Precious metals investors have plenty of good options when it comes to choosing a precious metals dealer. So putting up with dealers who either can’t tell you when they expect to deliver, or make commitments they don’t keep, isn’t necessary.
In fact, it can be downright dangerous.
Just ask the jilted customers of Tulving Company, a large “low cost” Southern California dealer that collapsed earlier this year. The company filed for bankruptcy in March, and customers with open orders for undelivered metal lost almost $20,000,000.
The filing caught most by surprise, but long delays in getting delivery signaled serious problems at the company in the year prior to its collapse. Complaints against Tulving had proliferated online — a warning sign that many caught in the bankruptcy wish they’d seen or paid attention to.
Businesses can and do fail, but it rarely happens suddenly and without warning. They generally start missing commitments first.
With all the recent volatility in the precious metals markets, combined with a sustained slowdown in sales across the industry in the past two years, gold and silver dealers with poor internal controls and unsafe business practices are particularly vulnerable right now.
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These days, savvy customers can often find disappointed customers sharing their experiences online with a simple Google search on the business name.
We strongly encourage readers to perform this simple bit of due diligence before placing orders. Complaints about extraordinarily long delivery delays are mounting in regards to at least one other prominent mint/dealer at this very moment.
It is also vital for investors to know some facts about inventory and availability of the popular bullion products. There are legitimate reasons for short delays in a few products at certain points in time. For example, the dysfunctional U.S. Mint continues to struggle mightily with high demand for silver American Eagles. On a number of occasions in recent years, demand for that product outstripped the Mint’s ability to produce coins, and buyers were forced to wait for delivery.
The Royal Canadian Mint copes better with strong demand, but it too has been overwhelmed on a small handful of occasions. As have private mints and refiners.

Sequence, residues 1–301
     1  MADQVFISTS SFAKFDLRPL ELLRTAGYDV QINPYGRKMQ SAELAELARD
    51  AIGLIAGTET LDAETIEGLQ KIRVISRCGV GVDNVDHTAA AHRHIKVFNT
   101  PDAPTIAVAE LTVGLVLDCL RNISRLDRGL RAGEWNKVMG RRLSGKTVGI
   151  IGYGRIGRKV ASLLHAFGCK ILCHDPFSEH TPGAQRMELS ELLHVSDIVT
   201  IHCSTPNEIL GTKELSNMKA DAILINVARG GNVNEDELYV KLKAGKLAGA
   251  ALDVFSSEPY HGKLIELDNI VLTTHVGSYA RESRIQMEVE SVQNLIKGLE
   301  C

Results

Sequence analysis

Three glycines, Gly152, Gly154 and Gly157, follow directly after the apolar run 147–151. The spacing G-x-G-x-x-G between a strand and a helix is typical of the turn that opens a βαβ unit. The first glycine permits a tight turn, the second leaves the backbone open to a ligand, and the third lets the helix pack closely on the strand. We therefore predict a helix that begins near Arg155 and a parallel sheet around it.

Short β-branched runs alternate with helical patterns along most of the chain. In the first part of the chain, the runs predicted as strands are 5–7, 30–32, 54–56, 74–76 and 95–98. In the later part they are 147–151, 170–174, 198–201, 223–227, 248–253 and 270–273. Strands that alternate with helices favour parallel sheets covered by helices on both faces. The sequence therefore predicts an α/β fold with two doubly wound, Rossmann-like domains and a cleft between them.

But legitimate delivery delays have been far more the exception than the rule. And raw silver in the form of 1,000-ounce bars and silver grain used for melt stock has been consistently available without delays of any kind.
Most bullion investors understand that global inventories – particularly in physical silver – are relatively small and bear watching. However, they should not resign themselves to months-long delays or let dealers put the blame on shortages without a plausible explanation. The best dealers will provide a full explanation for a rare delivery delay in advance of taking your order.
Money Metals Exchange has quoted shipping delays on certain products of up to 1-2 weeks in very rare situations over the past 5 years. We can think of no legitimate reason for delays of one or two months or longer when it comes to the popular and widely traded bullion coins, rounds, and bars. In our view, any company that forces its customers to wait that long is either poorly managed or dangerously undercapitalized (or both).
We have said it before – investors need to demand great service and honest dealing from the firms buying and selling their metal. They should take a few minutes to investigate a dealer’s online reputation before ordering. They should expect the dealer to provide a firm estimate as to when the order will ship when the order is placed. If the dealer misses that estimate by weeks, it is time to find another source.
–Clint Siegner is a Director at Money Metals Exchange, perhaps the nation’s fastest-growing dealer of low-premium precious metals coins, rounds, and bars. Siegner, a graduate of Linfield College in Oregon, puts his experience in business management along with his passion for personal liberty, limited government, and honest money into the development of Money Metals’ brand and reach. This includes writing extensively on the bullion markets and their intersection with policy and world affairs.